And I have to choose..."
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by coincidence

Postby picken on Tue Dec 19, 2006 10:59 pm

from VHRHL "The ground floor office, to the left of the front door, was where Greg Lake would visit on a late Friday evening with his guitar, and we would rock out together."

So will they ever get back together ?

Probably not but who knows.....

Bill thanks for posting this great stuff!
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Thank you Bill!

Postby crimcinnaman on Tue Dec 19, 2006 11:25 pm

Great stuff once again!

Thanks for sharing it here at ProjeKction, we are very fortunate to have you grace this site with these interviews.

Very enjoyable.
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My President is a Moron"
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Re: Thank you Bill!

Postby Gilesfan on Wed Dec 20, 2006 12:13 am

crimcinnaman wrote:Great stuff once again!

Thanks for sharing it here at ProjeKction, we are very fortunate to have you grace this site with these interviews.

Very enjoyable.


Indeed!
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Re: Thank you Bill!

Postby LTinAspic on Wed Dec 20, 2006 12:22 am

Gilesfan wrote:
crimcinnaman wrote:Great stuff once again!

Thanks for sharing it here at ProjeKction, we are very fortunate to have you grace this site with these interviews.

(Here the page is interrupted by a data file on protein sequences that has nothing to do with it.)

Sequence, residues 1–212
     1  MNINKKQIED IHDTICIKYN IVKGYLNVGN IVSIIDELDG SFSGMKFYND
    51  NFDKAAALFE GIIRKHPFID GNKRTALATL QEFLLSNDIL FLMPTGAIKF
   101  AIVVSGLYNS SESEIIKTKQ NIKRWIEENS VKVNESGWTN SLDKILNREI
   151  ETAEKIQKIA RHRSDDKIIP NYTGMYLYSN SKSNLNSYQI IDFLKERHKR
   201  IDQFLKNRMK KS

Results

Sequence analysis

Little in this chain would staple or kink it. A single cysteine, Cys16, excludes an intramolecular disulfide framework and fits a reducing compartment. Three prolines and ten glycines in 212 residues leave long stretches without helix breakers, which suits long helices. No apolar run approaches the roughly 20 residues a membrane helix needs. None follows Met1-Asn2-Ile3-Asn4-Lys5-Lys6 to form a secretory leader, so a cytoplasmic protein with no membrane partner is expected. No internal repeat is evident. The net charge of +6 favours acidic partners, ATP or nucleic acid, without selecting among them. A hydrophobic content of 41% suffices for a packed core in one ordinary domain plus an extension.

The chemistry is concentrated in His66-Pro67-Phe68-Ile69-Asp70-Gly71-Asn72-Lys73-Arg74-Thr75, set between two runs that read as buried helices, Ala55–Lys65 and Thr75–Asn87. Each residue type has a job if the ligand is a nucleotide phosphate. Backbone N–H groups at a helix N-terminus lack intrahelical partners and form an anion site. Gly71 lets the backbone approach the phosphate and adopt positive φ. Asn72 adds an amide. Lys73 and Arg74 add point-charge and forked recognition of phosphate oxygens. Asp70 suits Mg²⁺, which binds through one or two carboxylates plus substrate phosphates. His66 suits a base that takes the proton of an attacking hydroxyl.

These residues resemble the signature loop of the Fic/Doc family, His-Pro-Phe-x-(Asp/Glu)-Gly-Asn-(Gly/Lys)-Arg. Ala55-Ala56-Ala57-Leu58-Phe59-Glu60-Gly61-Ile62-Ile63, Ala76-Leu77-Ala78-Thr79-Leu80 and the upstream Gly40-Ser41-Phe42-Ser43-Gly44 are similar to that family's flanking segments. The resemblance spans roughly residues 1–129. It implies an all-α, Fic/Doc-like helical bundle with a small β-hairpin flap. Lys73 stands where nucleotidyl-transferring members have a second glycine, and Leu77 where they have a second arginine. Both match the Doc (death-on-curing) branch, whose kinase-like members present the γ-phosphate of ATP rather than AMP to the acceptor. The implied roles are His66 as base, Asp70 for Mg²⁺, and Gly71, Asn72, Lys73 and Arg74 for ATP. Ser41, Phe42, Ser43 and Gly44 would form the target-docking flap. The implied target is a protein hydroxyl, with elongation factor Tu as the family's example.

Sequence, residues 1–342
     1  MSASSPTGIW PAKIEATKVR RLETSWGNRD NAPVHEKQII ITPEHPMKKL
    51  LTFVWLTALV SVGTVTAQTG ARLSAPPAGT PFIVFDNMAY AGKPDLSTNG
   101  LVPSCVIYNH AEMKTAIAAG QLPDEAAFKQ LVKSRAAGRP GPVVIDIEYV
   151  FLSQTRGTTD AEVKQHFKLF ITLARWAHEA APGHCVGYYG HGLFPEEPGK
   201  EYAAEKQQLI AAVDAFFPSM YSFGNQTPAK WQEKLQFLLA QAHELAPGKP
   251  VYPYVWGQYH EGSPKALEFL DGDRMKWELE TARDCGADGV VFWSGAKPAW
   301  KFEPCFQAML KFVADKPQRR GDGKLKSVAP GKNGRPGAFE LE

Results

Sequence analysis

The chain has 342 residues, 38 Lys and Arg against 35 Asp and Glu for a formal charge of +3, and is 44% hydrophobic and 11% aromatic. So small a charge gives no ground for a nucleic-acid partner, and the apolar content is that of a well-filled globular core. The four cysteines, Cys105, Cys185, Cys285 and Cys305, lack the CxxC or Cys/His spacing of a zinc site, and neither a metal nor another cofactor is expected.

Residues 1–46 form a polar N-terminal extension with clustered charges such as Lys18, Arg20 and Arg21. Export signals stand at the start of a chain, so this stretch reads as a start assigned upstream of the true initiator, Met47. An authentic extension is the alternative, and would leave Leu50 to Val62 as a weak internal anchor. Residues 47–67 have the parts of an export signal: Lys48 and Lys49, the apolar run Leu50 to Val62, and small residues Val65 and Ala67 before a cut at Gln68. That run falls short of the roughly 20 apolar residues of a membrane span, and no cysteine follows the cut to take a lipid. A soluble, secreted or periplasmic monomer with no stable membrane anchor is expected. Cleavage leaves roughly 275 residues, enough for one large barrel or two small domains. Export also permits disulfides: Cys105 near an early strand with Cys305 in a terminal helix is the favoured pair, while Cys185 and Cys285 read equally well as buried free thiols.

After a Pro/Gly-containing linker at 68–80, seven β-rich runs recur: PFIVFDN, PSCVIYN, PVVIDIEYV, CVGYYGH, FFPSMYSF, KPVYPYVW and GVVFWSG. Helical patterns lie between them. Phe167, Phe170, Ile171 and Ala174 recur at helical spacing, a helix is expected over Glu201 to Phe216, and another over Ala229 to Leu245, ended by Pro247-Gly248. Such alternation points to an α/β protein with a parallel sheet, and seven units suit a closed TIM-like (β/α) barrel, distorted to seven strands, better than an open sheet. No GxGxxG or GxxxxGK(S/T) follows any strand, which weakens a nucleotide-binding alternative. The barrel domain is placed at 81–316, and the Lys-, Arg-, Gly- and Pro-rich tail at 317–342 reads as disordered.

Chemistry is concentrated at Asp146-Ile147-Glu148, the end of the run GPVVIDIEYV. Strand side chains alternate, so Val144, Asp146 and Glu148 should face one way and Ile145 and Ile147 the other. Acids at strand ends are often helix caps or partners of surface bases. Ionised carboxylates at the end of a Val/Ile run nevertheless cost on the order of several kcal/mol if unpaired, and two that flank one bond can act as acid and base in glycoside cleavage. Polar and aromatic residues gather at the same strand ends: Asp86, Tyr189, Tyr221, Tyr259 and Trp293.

Very enjoyable.


Indeed!


You're welcome! All of you. Thanks for the comments. They fuel our efforts to post things. :)

We have a LOT more planned.

Stick around.

Bill
--
"You make my life and times
A book of bluesy Saturdays
And I have to choose..."
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Postby aspic tongue on Wed Dec 20, 2006 12:36 am

Excellent interview as always!
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Postby MarkSullivan on Wed Dec 20, 2006 1:10 am

Great stuff, as always. Couldn't come along at a better time. Meaningful content's gotten a bit thin around here lately...
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Postby vrooom on Wed Dec 20, 2006 2:18 am

MarkSullivan wrote:Meaningful content's gotten a bit thin around here lately...


You put in, you take out... No input, no output...


Darren
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Postby Indyrod on Wed Dec 20, 2006 3:05 am

Mark, did you miss my entry about ordering the Nancy Sinatra hits? Don't worry, I'll write a cool review. Lot of content there, and far from being thin.

These boots are made for walkin'...

love the song in "Kill Bill" too.
Everyone thinks I'm psychotic, except for my friends deep inside the earth.

de gustibus non est disputandum
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Postby jtmack on Wed Dec 20, 2006 6:47 am

:?
Last edited by jtmack on Wed Dec 20, 2006 6:58 am, edited 1 time in total.